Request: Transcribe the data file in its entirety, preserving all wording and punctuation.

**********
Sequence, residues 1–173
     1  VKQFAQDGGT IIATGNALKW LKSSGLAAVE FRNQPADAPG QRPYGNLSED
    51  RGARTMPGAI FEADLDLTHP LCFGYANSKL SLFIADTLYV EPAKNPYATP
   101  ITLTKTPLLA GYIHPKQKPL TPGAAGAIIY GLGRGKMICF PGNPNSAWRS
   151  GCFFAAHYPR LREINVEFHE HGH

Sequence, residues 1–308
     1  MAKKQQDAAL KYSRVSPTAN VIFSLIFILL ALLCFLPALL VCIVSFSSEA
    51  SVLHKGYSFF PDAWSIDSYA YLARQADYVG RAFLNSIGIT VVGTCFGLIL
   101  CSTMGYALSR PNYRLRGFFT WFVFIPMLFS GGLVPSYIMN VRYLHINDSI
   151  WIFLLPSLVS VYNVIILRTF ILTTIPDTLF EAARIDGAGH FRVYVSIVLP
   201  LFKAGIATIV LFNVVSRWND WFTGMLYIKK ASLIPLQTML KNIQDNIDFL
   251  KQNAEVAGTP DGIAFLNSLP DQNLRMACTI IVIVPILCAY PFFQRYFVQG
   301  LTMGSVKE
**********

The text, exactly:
Sequence, residues 1–173
     1  VKQFAQDGGT IIATGNALKW LKSSGLAAVE FRNQPADAPG QRPYGNLSED
    51  RGARTMPGAI FEADLDLTHP LCFGYANSKL SLFIADTLYV EPAKNPYATP
   101  ITLTKTPLLA GYIHPKQKPL TPGAAGAIIY GLGRGKMICF PGNPNSAWRS
   151  GCFFAAHYPR LREINVEFHE HGH

Sequence, residues 1–308
     1  MAKKQQDAAL KYSRVSPTAN VIFSLIFILL ALLCFLPALL VCIVSFSSEA
    51  SVLHKGYSFF PDAWSIDSYA YLARQADYVG RAFLNSIGIT VVGTCFGLIL
   101  CSTMGYALSR PNYRLRGFFT WFVFIPMLFS GGLVPSYIMN VRYLHINDSI
   151  WIFLLPSLVS VYNVIILRTF ILTTIPDTLF EAARIDGAGH FRVYVSIVLP
   201  LFKAGIATIV LFNVVSRWND WFTGMLYIKK ASLIPLQTML KNIQDNIDFL
   251  KQNAEVAGTP DGIAFLNSLP DQNLRMACTI IVIVPILCAY PFFQRYFVQG
   301  LTMGSVKE